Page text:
<input name="ctl00$ContentPlaceHolder1$TextBox1" type="text"
    id="ctl00_ContentPlaceHolder1_TextBox1" />

on the client side, thus breaking any script referencing TextBox1 with, for example, getElementById(‘TextBox1’).
This behavior is built inside asp.net and is triggered not only when using databoud controls (where it would be necessary to prevent having multiple controls with the same name, for example inside a datagrid), but it is also triggered when using Master Pages, where having multiple controls with the same name is almost impossible.
So, how do we code around it?

The client-side hack

Luke Foust, in his article Using JQuery to Make Asp.Net Play Nice with Asp.Net, explains a couple of client-side methods to let your javascripts select the right element in this situation. I recommend you to read it, because it contains some nice ideas and it also shows off some of the power of JQuery.
While these methods will work for most projects, they still present a couple of issues:

  • Generally quite hard to mantain, especially the first hack
  • Code bloat. While bandwidth is costantly becoming less of an issue, the generated page will have elements with horribly long declarations
  • It breaks existing scripts. You’ll have to re-check and re-code most of the scripts that should already work
  • Extra workload on the client. Todays PCs are fast, so this is less of an issue, however it is something you should consider if you have a lot of asp.net controls in your page.

The Solution

Let’s face it: the problem is really on the server, not on the client. Asp.net should not generate those horribly long IDs in the first place, unless we want to. So the best solution is a server-side hack.
How does asp.net know whether or not it should generate a unique id for our controls?
Every WebControl in asp.net exposes a property called (I’m sure you guessed it) NamingContainer, which tells asp.net what’s the parent control for our textboxes, labels and so on. All we have to do in our code is create a new class that will inherit the control we want to "sanitize" and hide that property from asp.net. Better said in code than in words:

using System;
using System.Data;
using System.Configuration;
using System.Web;
using System.Web.Security;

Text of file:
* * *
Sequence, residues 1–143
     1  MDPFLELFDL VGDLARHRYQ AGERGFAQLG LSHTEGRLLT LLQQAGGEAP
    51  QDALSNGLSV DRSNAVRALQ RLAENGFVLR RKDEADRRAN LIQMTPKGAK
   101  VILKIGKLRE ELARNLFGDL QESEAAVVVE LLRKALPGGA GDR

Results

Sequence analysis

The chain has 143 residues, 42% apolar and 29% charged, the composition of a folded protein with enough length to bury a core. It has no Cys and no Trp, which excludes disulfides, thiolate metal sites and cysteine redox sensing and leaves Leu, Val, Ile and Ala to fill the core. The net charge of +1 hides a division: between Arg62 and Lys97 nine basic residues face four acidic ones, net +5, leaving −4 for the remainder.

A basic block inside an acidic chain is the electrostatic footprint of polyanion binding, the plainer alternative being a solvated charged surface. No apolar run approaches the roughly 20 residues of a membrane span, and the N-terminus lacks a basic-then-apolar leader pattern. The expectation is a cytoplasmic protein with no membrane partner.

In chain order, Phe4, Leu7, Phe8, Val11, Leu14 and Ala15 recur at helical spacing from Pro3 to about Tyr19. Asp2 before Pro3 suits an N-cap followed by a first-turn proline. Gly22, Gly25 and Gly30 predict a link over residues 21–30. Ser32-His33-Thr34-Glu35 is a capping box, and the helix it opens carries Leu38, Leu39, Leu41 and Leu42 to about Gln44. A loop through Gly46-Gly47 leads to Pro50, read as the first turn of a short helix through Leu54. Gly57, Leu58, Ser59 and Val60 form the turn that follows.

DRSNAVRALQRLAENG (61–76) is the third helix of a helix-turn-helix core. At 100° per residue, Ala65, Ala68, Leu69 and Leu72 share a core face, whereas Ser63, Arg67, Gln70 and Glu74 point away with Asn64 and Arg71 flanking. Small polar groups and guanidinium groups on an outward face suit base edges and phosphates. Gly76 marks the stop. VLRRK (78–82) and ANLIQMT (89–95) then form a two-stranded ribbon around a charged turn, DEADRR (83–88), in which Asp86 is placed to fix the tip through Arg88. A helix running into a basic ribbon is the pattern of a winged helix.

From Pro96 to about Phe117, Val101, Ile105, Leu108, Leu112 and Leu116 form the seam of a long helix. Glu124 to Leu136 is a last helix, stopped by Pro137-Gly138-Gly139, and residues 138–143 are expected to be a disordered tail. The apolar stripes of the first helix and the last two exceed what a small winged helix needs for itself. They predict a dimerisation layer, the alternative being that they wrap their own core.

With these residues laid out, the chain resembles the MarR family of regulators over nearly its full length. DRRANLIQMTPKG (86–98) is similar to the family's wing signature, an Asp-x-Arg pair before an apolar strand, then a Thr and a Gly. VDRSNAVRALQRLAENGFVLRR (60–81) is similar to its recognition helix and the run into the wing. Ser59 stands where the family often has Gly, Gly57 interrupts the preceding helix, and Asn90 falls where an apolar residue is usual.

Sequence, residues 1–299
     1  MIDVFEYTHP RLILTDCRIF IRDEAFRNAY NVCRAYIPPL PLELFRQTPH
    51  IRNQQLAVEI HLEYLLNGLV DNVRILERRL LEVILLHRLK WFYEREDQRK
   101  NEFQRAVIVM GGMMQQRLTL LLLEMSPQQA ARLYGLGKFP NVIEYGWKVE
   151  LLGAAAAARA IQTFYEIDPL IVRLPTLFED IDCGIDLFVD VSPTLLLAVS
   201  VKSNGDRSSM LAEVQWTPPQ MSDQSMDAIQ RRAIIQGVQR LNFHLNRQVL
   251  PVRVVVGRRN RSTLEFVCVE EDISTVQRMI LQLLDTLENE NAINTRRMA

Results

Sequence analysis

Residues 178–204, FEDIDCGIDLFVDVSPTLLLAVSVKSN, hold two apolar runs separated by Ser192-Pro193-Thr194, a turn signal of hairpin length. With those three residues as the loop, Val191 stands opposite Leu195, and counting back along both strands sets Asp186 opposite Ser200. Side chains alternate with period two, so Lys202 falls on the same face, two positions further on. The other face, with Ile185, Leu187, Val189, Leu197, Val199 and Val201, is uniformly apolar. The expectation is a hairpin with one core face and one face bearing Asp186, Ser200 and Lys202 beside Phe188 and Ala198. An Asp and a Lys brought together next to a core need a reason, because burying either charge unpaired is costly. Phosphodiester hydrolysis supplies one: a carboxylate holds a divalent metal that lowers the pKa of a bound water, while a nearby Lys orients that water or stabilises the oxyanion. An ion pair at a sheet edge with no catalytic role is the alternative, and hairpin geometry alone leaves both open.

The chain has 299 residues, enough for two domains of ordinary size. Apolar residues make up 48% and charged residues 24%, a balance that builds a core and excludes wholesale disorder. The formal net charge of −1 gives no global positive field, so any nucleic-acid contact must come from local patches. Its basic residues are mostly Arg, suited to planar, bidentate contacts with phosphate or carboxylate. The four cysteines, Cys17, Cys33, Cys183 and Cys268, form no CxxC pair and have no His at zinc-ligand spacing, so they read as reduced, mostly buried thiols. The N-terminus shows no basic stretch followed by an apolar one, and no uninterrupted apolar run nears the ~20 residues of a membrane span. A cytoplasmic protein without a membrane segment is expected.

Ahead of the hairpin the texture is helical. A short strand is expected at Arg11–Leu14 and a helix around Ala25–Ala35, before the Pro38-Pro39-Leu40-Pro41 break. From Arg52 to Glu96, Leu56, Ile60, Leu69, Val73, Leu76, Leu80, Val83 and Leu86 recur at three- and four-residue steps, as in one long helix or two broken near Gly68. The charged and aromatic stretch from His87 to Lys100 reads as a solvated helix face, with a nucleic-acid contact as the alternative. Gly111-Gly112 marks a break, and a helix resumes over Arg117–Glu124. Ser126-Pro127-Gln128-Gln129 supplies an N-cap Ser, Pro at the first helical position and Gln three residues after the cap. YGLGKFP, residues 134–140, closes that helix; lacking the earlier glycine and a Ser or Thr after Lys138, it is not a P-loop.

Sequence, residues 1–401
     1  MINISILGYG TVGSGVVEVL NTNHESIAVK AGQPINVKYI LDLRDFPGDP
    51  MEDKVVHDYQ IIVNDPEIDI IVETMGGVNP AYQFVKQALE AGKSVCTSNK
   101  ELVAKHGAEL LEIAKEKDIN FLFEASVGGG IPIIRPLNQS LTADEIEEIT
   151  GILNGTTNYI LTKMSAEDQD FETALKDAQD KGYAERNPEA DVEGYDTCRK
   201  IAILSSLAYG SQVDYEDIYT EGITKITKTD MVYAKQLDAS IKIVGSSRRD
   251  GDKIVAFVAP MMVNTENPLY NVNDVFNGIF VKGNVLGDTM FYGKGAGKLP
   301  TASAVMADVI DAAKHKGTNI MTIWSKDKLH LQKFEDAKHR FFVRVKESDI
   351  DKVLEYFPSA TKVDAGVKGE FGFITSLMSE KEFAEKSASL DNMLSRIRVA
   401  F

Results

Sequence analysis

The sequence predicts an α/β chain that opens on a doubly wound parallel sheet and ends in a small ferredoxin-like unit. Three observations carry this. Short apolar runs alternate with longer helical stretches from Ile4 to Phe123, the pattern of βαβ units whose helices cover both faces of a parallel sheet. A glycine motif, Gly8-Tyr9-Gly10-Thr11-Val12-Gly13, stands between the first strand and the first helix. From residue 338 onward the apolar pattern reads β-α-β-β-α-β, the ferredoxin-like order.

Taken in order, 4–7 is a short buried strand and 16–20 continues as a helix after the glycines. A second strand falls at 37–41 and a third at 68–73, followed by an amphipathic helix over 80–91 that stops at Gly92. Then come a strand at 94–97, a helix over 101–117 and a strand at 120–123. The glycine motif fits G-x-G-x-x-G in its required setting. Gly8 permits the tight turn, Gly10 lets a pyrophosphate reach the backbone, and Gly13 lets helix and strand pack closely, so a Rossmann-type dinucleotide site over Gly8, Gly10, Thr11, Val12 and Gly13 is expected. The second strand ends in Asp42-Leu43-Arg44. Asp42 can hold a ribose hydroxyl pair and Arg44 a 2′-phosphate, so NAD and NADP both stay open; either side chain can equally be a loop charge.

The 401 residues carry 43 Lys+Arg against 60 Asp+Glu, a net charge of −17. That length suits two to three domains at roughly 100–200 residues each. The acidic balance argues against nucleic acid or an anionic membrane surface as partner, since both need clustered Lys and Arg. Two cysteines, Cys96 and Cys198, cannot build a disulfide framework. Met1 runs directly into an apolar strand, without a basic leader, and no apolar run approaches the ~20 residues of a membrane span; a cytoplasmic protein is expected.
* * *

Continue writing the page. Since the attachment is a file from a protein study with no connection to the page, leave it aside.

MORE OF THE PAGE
using System.Web.UI;
using System.Web.UI.WebControls;
using System.Web.UI.WebControls.WebParts;
using System.Web.UI.HtmlControls;

namespace wtd

    /// A TextBox control without ugly IDs
    public class TextBox : System.Web.UI.WebControls.TextBox
        public override Control NamingContainer
                return null; 


Then, in our pages, all we have to do is register our new set of controls, like this:

<%@ Register TagPrefix="wtd" Assembly="app_code"
     Namespace="wtd" %>

and replace every instance of the default asp controls with our own set of controls (a simple find&replace will do the trick), so

<asp:TextBox ID="TextBox1" runat="server"></asp:TextBox>


<wtd:TextBox ID="TextBox1" runat="server"></wtd:TextBox>

And that’s it! Our textbox will now be rendered like this:

<input name="TextBox1" type="text" id="TextBox1" />

Not only this method won’t break your existing javascript, it also works nicely with your existing server-side code 🙂


As pointed out by some of you in the comments, this method does not work in a traditional post-back scenario. See my new article for a possible solution to this problem.

Unknown runtime error in Internet explorer?

Sunday, February 19th, 2006

If you’re getting an “unknown runtime error” in internet explorer while using the javascript method object.innerHTML=”…some html”, here is a hint to put you on the right track: you’re probabily trying to put a block-level element inside an inline element.
For example, given the html code:

<p id="the_container">Hello</p>

<script type="text/javascript">
var obj=document.getElementById('the_container');
obj.innerHTML='<ul><li>List item 1</li><li>List item 2</li></ul>'; 

In internet explorer, a dialog will pop up complaining about an “unknown run-time error” (Thanks Microsoft for your helpful error messages). The solution (if you really can’t force your users to use Firefox :)) is to sobstitute the parent element with a block-level one, such as a DIV:

<div id="the_container2">Hello</div>
<script type="text/javascript">
var obj=document.getElementById('the_container2');
obj.innerHTML='<ul><li>List item 1</li><li>List item 2</li></ul>';